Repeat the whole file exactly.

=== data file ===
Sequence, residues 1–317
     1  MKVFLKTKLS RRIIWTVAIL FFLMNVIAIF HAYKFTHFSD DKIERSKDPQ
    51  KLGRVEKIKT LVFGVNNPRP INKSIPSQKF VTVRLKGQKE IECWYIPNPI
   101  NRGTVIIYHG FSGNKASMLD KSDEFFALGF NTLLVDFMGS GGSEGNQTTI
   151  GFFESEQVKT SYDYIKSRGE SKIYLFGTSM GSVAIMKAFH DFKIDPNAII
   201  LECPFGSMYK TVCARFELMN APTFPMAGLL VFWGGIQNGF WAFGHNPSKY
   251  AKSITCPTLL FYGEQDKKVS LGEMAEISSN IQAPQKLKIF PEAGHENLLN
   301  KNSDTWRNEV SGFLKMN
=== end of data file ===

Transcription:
Sequence, residues 1–317
     1  MKVFLKTKLS RRIIWTVAIL FFLMNVIAIF HAYKFTHFSD DKIERSKDPQ
    51  KLGRVEKIKT LVFGVNNPRP INKSIPSQKF VTVRLKGQKE IECWYIPNPI
   101  NRGTVIIYHG FSGNKASMLD KSDEFFALGF NTLLVDFMGS GGSEGNQTTI
   151  GFFESEQVKT SYDYIKSRGE SKIYLFGTSM GSVAIMKAFH DFKIDPNAII
   201  LECPFGSMYK TVCARFELMN APTFPMAGLL VFWGGIQNGF WAFGHNPSKY
   251  AKSITCPTLL FYGEQDKKVS LGEMAEISSN IQAPQKLKIF PEAGHENLLN
   301  KNSDTWRNEV SGFLKMN